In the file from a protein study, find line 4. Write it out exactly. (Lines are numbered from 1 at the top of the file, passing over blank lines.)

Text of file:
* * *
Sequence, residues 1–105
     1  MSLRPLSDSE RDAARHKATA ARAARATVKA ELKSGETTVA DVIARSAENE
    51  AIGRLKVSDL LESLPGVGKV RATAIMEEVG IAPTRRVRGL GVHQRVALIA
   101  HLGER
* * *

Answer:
   101  HLGER